2011 Guide to Renewable Energy and Energy-Efficiency Tax Credits

If you haven’t yet taken advantage, now’s the time: Many tax credits end this December.

| November/December 2011

  • Take advantage of energy tax credits to save hundreds, even thousands, of dollars.

After purchasing a home in chilly Wisconsin, Alex Wells and Curt Bjurlin wanted to amp up its efficiency by installing a wood-burning stove and Energy Star windows. By cashing in on a federal energy-efficiency tax credit, they were able to recoup $1,500 of their initial cost, and got lower utility bills to boot. When Gavin Bourjaily built his 2,050-square-foot ranch in Virginia’s mountainous Shenandoah Valley, he installed a geothermal system for heating and cooling and, after qualifying for the federal renewable-energy tax credit, got 30 percent of the investment paid back by the government. 

Since 2005, the federal government has offered a variety of tax credits to help defray the total cost of residential upgrades that produce years of utility savings but require a large upfront investment. One of the two biggest credits is the energy-efficiency tax credit, which helps pay for improvements to the home shell or for installing energy-efficient heating and cooling systems. This credit is capped at $500 and is set to expire at the end of the year. The other is the renewable-energy tax credit, which covers up to 30 percent of residential alternative-energy systems, has no cap and has been extended through 2016.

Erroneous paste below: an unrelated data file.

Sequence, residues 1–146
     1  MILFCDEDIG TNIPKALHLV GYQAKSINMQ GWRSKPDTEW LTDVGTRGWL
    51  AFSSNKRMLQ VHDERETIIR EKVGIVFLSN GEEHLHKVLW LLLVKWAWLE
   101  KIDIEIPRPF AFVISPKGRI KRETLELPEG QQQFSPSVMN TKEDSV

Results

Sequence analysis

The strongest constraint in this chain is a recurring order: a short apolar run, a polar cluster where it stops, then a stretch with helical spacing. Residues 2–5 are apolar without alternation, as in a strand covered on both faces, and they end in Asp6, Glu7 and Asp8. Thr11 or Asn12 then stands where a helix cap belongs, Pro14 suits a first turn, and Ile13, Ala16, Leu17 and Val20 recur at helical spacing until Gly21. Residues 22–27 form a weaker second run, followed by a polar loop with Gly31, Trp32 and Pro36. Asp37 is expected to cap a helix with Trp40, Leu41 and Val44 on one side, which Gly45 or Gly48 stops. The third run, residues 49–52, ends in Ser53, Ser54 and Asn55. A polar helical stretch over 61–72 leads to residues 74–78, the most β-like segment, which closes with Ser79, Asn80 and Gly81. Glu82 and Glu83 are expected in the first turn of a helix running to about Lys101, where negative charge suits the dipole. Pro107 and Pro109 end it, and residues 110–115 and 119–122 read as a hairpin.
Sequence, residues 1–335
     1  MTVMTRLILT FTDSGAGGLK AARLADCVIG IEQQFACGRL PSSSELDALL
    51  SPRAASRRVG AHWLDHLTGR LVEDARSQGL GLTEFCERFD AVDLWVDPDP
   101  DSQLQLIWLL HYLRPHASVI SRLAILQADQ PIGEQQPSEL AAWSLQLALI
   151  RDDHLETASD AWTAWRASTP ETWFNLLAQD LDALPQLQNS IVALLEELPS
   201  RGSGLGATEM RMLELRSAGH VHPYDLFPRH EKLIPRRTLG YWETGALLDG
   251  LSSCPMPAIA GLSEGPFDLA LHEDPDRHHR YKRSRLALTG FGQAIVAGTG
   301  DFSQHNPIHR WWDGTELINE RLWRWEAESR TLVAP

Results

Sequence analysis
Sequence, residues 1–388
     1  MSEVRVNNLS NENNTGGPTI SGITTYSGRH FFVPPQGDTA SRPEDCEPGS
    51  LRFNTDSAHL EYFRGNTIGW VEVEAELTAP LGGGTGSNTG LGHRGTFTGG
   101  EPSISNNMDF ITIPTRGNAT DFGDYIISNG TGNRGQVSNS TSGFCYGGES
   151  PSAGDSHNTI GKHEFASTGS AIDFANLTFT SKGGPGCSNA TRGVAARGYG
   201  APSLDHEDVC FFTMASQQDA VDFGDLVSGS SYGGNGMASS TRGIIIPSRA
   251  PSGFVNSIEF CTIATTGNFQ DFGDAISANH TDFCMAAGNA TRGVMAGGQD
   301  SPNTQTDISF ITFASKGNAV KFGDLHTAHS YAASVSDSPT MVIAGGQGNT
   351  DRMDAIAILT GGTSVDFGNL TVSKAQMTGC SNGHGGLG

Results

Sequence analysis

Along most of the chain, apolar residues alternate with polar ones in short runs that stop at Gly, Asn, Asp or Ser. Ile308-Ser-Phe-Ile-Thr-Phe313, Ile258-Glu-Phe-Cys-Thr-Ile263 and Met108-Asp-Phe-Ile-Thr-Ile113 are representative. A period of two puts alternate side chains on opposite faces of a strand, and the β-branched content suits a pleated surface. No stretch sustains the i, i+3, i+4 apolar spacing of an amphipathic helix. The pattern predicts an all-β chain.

The government aids in the cost of these upgrades because it pays off for both the homeowner and the nation’s economy. “Energy efficiency saves money that people can spend on things that are important for their lives, rather than just paying utility bills,” says Ronnie Kweller, director of media relations for the Alliance to Save Energy. “It’s money that helps boost the economy, so it’s a win-win-win for energy and money savings, for the economy and also for the environment.” Boosting home energy efficiency or producing power onsite also helps protect homeowners against volatile energy costs.

Applying for a Credit 

If you install qualifying products before the end of the year, the credit can be applied to your 2011 taxes by filing IRS form 5695 with your taxes. A tax credit is sometimes confused with a deduction, but the two are very different. A deduction lowers your overall taxable income, while a credit is simply paid back to you. “A tax credit is much more valuable than a tax deduction because it is a dollar-for-dollar reduction in taxes owed,” Kweller says. A $500 tax credit, for example, will lower your tax burden by $500.

Products eligible for the energy-efficiency credit must be purchased and installed by December 31, 2011, in order to qualify. Only existing primary residence homes can qualify for the residential energy-efficiency tax credit. The extended renewable-energy credit is a little looser: Both primary and secondary homes qualify, as do both new and existing homes.

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